Don’t bother with anything like carrots or radishes. No vegetables of any kind!

PATRICK examines the contents of desk drawers. Pots and pans rattle off left.

MICHEL returns with a re-corked bottle of wine and two glasses. He pulls the cork with his teeth. They sit on the wicker chairs.

PATRICK holds his knee. MICHEL sniffs the wine in the bottle.

MICHEL
This wine should still be all right. There are a couple of unopened bottles too.

PATRICK
Any food?

MICHEL
Some tins. But I couldn’t find an opener or a corkscrew.

Brief pause as PATRICK reflects.

PATRICK
How did prehistoric man open cans? What did he use?

They sample the wine.

MICHEL
It’s a pity. I’m hungry too. Damn.

PATRICK

Producing a knife

Be reasonable, you haven’t yet tried everything.

PATRICK hands the knife to MICHEL, who exits left.

PATRICK resumes the search.

MICHEL returns with a couple of open tins and sits again. He samples the contents before passing it to PATRICK, who tops up their wine glasses.

PATRICK tries the contents of the tin and they both drink some more wine.

MICHEL stands up again and exits left. He returns with his arms full of clothing and footwear (a pair of boots, a straw hat, a working jacket and an old pair of underpants).

They inspect and swap these items continuously until PATRICK is wearing the straw hat and jacket and MICHEL the boots and the underpants (on the outside). They sit again.

PATRICK raises a toast.

PATRICK
To our absent host.

MICHEL
He’s a writer or something, isn’t he? Personally I wouldn’t know him even if I met him.

They guffaw.

PATRICK
To the maestro.

MICHEL
What if he comes?

PATRICK
Maybe he’ll come tomorrow. Back in Paris, he is sleeping. He knows nothing. Let him sleep on.

MICHEL
But while we’re not sleeping…

PATRICK
Others suffer. We’re no saints. We make no appointments.

MICHEL
But arrive unannounced.

PATRICK
Unlike billions.

Pause to look around

Far from this Marne muck.

MICHEL
As though the world were short of slaves.

PATRICK
It’s a vile planet.

MICHEL empties the first tin, scrapes it and leaves it on the table.

MICHEL

Cocks an ear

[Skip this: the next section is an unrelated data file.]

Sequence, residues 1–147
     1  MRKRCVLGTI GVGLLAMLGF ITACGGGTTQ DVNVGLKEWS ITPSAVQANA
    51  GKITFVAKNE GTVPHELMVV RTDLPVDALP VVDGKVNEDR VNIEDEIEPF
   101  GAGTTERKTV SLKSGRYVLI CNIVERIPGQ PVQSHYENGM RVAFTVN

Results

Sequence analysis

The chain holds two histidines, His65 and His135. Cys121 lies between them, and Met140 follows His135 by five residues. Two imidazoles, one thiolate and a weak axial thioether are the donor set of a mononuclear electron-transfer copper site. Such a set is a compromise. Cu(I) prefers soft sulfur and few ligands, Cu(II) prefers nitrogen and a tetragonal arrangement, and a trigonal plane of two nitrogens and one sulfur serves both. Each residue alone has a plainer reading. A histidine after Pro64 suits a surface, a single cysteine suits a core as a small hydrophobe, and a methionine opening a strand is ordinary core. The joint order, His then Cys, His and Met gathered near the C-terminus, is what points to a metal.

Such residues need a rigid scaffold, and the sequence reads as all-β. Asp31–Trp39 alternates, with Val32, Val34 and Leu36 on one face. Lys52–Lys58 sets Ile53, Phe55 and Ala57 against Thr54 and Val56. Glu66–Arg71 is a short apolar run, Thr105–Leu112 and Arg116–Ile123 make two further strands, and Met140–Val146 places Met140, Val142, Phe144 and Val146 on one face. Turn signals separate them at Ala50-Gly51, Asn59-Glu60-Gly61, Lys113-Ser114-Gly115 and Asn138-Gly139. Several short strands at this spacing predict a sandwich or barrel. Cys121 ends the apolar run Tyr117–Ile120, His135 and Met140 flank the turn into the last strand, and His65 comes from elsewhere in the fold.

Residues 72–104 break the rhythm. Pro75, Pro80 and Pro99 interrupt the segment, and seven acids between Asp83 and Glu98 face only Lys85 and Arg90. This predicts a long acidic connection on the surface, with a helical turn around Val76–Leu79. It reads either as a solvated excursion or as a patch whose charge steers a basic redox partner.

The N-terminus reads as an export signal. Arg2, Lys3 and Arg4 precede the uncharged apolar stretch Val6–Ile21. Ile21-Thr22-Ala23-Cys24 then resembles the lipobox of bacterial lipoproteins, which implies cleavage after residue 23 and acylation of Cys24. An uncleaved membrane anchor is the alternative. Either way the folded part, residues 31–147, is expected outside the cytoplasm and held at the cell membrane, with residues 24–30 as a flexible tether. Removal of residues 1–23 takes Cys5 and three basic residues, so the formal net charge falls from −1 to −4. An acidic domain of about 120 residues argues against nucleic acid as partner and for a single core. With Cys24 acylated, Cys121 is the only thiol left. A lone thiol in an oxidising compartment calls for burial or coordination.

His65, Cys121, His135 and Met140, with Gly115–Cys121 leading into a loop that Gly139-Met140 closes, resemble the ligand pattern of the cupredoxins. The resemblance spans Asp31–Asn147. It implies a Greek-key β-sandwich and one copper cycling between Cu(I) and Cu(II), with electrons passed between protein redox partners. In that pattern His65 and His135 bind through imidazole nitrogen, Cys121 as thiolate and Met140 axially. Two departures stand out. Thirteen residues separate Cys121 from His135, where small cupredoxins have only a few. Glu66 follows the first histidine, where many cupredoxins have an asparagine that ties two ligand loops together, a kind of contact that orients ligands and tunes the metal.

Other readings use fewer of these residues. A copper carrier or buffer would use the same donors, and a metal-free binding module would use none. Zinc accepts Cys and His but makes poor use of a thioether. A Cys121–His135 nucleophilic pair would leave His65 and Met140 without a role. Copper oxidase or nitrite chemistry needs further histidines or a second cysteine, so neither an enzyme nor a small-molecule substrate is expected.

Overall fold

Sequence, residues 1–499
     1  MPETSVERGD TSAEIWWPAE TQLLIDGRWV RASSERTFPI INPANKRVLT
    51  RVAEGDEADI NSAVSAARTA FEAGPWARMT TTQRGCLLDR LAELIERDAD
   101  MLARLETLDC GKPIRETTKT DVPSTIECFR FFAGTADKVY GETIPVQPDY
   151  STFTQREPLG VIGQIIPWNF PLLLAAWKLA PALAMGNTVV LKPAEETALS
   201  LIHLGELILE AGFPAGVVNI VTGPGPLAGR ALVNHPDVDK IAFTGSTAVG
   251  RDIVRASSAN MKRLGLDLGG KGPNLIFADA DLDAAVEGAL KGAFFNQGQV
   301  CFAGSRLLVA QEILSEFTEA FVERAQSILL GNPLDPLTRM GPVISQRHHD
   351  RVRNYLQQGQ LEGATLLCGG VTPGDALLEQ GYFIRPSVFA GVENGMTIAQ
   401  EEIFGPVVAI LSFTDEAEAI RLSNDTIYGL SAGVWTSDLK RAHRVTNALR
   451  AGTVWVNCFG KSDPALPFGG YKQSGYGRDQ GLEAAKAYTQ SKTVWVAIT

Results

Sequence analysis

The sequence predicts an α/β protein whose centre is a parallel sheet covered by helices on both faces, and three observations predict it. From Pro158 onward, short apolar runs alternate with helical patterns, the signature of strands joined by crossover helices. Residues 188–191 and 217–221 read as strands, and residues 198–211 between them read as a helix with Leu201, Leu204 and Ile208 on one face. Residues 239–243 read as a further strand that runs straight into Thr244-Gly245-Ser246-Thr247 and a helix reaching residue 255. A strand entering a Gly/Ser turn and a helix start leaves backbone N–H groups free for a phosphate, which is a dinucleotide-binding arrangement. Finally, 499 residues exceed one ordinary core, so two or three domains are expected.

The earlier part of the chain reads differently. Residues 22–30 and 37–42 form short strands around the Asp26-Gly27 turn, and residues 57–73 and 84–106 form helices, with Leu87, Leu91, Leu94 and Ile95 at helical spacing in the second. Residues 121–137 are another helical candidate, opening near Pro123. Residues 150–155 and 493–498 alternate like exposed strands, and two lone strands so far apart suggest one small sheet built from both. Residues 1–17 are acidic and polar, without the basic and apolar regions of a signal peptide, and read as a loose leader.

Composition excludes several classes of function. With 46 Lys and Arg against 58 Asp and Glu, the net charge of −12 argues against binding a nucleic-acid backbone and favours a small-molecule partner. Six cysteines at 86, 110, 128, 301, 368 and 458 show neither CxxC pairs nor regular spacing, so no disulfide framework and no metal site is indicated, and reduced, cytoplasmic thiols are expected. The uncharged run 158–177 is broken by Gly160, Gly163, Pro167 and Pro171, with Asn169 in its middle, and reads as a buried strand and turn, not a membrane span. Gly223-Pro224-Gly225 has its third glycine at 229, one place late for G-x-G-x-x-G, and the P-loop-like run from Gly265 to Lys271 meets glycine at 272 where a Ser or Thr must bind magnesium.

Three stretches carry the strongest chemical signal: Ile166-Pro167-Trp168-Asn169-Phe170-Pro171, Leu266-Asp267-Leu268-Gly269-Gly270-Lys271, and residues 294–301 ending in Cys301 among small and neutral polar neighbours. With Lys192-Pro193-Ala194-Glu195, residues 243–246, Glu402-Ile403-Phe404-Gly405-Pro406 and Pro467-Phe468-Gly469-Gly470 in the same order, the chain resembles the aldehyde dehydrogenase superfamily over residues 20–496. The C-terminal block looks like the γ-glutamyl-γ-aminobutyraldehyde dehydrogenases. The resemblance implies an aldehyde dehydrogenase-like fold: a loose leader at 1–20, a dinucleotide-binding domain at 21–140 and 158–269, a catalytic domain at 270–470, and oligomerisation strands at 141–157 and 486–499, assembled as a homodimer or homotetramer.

What’s that? What’s happening?

PATRICK
A robbery is taking its course.

MICHEL
Hope nobody comes.

PATRICK
You should know better. There’s no hope of that happening. Not now. Relax.

MICHEL
I don’t know. I can’t relax. I can’t go on like this.

PATRICK limps to the window to look out past the curtains.

PATRICK
Uninhabited.

MICHEL
Do you think we’ll ever be caught?

PATRICK

Deep breath first

The chances are fifty-fifty, I’d guess. Over an entire lifetime of crime, that is.

MICHEL
It’s a reasonable percentage. From a life.

PATRICK
Or maybe one of us will be safe, while the other is damned?

MICHEL

Trace of anguish

Until then, must we go on?

PATRICK
We’ll go on. Unless you have a better idea.

MICHEL
I have no idea. Well, none worth talking about.

PATRICK
We won’t despair. Whatever we find here.

MICHEL
We won’t presume, either.

PATRICK
Never presume, except that somebody might be hanging around. It’s safer to presume that much, at least.

MICHEL
Yes, but-

PATRICK
Yes?

MICHEL
Maybe you’re different but I don’t have eyes in the back of my head.

PATRICK
I think you’re hearing voices.

MICHEL
A normally reliable little voice told me about this place.

PATRICK
And? Drink your wine and count your blessings. I wanted to do this one because it’s an ugly little thing.

MICHEL
I thought this chap would have lots of stuff.

MICHEL tosses more papers onto the floor.

PATRICK
Quite spartan, isn’t it? Never mind. It’s good to be in his den, in his old rags. And we always find something, eh, to leave the impression we existed?

MICHEL
There are still those bottles of wine.

Points off left

There’s a painting out there too, if you want to take a look at it.